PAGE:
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AFGSC Pilot Fellowship Program proves to be a ‘success’

  • Published
  • By Keefer Patterson
  • Air Force Global Strike Command Public Affairs

Students participating in Air Force Global Strike Command’s Pilot Fellows Program presented their final capstone projects to both command and Louisiana Tech University officials May 19 at the Louisiana Tech Academic Success Center in Bossier City, Louisiana.

The program, managed by Louisiana Tech, guided teams of students as they theorized and developed innovative solutions to command challenges. Partnering with the Cyber Innovation Center in Bossier City, Louisiana Tech saw fellows work full-time during the summer and part-time during the academic year to meet capstone objectives. Although the program’s first iteration is still ongoing and total hours are still being tallied, it is estimated that approximately 12,466 hours will be worked collectively between all 13 Fellows by the end of the program.

“The most fascinating thing about the Fellows program is that the students provide a new perspective that may identify capability gaps that weren’t seen before,” said Maj. Ryan Chapman, Air Force Global Strike Command Executive Chief Scientist. “Essentially, these students are thinking of creative ways we can reshape the way we do business in Global Strike.”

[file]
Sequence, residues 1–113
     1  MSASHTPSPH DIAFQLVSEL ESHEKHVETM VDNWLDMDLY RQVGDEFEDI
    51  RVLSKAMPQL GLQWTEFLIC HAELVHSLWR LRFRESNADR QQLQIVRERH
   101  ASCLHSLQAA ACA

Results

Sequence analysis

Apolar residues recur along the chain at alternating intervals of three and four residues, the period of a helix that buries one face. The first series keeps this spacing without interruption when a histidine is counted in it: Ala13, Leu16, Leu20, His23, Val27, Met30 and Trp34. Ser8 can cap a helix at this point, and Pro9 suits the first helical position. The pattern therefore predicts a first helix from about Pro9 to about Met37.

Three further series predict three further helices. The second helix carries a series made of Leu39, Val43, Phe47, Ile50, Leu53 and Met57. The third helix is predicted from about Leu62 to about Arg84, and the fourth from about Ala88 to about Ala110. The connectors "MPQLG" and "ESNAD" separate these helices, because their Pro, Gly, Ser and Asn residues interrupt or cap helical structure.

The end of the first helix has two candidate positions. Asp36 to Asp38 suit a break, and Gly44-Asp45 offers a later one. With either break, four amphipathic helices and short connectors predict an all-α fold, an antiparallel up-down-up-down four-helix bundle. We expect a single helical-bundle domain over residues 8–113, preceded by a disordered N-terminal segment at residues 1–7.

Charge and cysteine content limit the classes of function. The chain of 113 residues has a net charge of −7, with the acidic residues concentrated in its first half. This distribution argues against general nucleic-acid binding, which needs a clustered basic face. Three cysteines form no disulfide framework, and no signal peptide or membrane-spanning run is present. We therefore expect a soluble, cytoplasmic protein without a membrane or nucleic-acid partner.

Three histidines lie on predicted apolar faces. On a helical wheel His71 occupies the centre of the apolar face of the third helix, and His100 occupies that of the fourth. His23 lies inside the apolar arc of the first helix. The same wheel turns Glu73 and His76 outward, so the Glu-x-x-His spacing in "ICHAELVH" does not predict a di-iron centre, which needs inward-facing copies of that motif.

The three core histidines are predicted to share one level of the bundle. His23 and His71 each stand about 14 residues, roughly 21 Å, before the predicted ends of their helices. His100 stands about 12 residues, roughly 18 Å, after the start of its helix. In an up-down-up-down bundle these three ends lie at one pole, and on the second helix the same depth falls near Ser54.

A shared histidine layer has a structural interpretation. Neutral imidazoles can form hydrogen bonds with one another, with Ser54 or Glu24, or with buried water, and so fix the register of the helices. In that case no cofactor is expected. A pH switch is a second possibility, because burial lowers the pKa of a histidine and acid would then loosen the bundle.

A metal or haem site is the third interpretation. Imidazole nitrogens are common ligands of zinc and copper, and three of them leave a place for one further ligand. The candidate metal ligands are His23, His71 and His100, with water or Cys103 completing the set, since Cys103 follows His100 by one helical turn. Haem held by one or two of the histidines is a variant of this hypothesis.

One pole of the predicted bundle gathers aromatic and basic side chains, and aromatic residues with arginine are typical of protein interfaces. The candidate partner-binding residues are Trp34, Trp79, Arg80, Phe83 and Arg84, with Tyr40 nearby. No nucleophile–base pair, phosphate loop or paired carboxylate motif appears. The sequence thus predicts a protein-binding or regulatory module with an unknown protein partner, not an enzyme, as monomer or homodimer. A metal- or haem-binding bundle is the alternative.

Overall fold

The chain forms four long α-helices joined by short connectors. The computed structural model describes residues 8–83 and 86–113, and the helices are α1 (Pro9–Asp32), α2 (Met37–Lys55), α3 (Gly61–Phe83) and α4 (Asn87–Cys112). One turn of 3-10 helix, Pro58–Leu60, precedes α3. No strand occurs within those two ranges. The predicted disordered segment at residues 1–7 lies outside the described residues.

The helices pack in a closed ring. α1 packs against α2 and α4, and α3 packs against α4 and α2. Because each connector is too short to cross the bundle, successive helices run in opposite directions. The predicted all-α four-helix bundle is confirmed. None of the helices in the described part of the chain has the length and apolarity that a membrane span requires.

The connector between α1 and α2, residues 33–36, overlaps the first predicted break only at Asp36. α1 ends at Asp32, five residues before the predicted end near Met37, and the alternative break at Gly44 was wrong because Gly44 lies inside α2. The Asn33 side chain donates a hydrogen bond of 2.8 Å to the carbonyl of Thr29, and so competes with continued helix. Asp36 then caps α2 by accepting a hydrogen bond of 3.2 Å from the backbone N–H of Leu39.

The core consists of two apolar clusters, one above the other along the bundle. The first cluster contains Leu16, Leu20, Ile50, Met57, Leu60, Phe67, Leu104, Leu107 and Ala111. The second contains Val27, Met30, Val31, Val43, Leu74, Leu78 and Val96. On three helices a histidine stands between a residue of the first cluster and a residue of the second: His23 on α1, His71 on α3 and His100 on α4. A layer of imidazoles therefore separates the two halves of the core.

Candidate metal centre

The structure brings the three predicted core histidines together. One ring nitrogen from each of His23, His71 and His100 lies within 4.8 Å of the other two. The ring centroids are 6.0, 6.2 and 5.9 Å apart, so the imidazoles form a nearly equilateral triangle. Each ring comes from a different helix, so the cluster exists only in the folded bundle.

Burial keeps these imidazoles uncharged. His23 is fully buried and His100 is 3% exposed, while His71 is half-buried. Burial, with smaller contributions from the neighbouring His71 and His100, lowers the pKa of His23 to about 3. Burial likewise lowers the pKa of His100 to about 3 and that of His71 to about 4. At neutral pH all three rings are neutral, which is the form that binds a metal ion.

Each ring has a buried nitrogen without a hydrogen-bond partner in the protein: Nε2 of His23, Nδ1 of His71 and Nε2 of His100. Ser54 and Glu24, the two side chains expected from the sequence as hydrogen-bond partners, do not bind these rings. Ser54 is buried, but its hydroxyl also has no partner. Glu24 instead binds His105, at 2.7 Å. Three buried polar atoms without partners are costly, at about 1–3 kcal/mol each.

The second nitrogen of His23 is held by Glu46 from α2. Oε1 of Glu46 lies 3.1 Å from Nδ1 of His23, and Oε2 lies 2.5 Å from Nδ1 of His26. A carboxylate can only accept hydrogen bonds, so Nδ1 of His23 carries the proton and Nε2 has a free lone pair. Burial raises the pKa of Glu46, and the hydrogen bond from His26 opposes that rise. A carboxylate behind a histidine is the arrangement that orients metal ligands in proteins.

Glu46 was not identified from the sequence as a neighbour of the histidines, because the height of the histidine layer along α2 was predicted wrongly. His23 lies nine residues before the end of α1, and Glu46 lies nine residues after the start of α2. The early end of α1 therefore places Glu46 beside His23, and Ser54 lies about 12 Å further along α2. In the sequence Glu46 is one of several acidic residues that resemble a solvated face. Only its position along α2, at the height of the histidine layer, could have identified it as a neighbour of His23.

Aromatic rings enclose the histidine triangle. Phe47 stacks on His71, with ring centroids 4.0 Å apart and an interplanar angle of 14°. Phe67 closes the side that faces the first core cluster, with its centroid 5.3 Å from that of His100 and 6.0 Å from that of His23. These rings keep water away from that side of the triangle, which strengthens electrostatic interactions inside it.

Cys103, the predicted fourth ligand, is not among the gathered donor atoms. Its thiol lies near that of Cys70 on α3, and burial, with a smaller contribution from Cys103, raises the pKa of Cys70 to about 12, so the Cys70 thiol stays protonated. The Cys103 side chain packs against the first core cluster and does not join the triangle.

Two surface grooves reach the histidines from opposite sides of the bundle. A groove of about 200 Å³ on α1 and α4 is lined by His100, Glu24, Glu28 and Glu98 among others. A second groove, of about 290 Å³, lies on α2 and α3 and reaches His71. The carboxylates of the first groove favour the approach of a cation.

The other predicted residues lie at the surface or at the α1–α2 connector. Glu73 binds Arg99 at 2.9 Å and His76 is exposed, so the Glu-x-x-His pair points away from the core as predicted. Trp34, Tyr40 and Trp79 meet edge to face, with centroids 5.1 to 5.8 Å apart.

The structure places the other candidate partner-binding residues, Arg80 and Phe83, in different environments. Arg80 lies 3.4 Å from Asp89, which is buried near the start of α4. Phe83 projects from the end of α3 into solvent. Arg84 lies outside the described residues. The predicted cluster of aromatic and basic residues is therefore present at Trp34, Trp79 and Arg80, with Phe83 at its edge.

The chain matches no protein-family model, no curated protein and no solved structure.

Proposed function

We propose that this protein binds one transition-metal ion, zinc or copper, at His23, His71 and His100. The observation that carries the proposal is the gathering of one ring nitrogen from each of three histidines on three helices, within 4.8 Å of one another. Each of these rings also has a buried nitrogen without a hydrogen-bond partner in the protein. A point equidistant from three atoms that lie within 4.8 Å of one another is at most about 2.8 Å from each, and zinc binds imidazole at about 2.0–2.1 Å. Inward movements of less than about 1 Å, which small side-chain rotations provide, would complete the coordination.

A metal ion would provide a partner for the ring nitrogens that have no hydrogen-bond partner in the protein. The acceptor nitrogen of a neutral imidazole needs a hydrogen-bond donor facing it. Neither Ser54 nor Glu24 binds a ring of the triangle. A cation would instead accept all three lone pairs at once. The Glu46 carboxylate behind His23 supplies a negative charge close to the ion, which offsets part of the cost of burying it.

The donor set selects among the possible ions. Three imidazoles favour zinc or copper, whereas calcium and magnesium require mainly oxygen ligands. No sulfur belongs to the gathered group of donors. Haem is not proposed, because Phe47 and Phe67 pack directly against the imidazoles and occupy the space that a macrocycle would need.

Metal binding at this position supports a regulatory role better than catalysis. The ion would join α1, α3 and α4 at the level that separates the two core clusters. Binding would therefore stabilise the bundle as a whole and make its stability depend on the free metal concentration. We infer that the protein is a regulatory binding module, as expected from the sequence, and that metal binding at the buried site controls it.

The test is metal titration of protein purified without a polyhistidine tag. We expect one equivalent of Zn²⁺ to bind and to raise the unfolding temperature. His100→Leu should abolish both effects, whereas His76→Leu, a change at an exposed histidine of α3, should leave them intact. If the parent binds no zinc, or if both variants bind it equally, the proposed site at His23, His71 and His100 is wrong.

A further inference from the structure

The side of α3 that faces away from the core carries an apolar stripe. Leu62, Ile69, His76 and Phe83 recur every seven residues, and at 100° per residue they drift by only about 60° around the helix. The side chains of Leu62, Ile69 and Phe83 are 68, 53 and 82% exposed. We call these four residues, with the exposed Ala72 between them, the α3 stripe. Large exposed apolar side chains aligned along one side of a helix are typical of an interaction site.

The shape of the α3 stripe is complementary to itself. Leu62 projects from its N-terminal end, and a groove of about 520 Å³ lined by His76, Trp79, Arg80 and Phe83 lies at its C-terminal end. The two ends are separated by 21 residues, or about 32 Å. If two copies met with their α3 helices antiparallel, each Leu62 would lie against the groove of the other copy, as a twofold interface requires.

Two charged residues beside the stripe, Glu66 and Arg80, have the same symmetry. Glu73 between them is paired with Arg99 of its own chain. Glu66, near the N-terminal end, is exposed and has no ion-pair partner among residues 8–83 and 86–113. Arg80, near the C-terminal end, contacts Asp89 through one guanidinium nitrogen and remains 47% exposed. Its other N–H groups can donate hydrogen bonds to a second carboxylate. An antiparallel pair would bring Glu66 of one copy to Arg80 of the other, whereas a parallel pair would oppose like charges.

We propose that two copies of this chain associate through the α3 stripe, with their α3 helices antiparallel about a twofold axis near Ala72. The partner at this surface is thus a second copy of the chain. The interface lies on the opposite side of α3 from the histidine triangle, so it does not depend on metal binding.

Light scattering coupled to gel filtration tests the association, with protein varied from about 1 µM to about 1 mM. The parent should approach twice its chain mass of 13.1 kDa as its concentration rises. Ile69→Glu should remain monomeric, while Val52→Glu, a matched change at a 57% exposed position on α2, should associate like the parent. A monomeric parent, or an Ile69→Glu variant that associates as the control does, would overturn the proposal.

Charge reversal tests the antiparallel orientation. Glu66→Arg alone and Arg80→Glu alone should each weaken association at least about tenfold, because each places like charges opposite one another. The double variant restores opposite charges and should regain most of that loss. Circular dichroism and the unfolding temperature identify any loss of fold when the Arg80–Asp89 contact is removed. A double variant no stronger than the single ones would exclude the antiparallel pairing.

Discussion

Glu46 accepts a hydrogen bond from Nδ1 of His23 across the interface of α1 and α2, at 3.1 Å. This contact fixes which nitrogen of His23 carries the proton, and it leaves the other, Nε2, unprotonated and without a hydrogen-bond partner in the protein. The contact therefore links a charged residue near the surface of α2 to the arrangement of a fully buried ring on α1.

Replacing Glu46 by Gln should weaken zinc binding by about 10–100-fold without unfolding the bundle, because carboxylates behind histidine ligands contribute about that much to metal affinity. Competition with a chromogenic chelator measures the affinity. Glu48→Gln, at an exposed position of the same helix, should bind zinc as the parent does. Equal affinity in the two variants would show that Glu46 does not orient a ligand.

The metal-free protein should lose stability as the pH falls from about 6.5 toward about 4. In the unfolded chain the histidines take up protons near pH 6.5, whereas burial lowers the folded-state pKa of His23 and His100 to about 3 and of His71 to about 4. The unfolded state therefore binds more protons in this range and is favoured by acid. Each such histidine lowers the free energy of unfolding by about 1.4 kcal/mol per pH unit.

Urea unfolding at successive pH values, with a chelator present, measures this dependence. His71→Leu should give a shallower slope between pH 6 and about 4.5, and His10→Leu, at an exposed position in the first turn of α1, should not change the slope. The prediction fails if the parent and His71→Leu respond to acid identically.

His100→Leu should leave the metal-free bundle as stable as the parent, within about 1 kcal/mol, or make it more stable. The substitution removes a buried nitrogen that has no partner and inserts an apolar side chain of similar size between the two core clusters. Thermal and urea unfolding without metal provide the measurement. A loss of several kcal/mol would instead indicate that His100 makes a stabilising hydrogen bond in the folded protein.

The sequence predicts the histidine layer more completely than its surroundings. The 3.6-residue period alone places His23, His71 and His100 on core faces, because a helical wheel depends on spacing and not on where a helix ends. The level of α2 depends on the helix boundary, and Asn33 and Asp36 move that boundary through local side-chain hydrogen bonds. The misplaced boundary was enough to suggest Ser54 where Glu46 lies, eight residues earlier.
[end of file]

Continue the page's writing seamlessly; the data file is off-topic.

The fellowship program, established in June of 2020, consists of 13 fellows—seven graduate and six undergraduate Louisiana Tech University students, four professors and three AFGSC project champions supporting three focus areas in Nuclear Command, Control and Communication, Portfolio-Level Digital Engineering Platform and Knowledge Management.

“As project champions, we provide challenges,” said Donald Copsey, Nuclear Command, Control and Communication Center Model and Simulation Program Manager and AFGSC Fellows Project Champion. “The fellowship program provides the students the opportunity to discover solutions to those challenges. But it’s not just about getting a solution, it’s about getting a solution that’s going to be effective for the command.”

Some of the solutions and deliverables provided by the program have potential to provide foundational blocks for the future.

“Some of these solutions can be extremely practical in nature,” Copsey said. “Others are building block solutions, taking the first step, creating the foundational layer and then building upon it in the next year’s program.”

The fellowship program reinforces the command’s commitment to being innovative and collaborative, strengthening the relationship between academia and the Department of Defense. Furthermore, the program presents participating students the opportunity to gain real world experiences.

“It was a growing process for me,” said Michael Levesque, a student participating in the fellows program. “College gives you the knowledge and theory, but then you have to go to the real world. Being able to dive in, research and learn about something that is outside of my major was a really cool experience, but to also create a deliverable that benefits the command is very rewarding.”

Opportunities such as the AFGSC Fellows Program provide the command with new generations of potential hires with diverse technical skills and experience that can benefit the U.S. Air Force. If approved beyond its initial pilot, this program has the potential to further assist in fostering new ideas that will ultimately accelerate change.

“For this first year, I deem it as a huge success.” Copsey said. “We learned a lot!”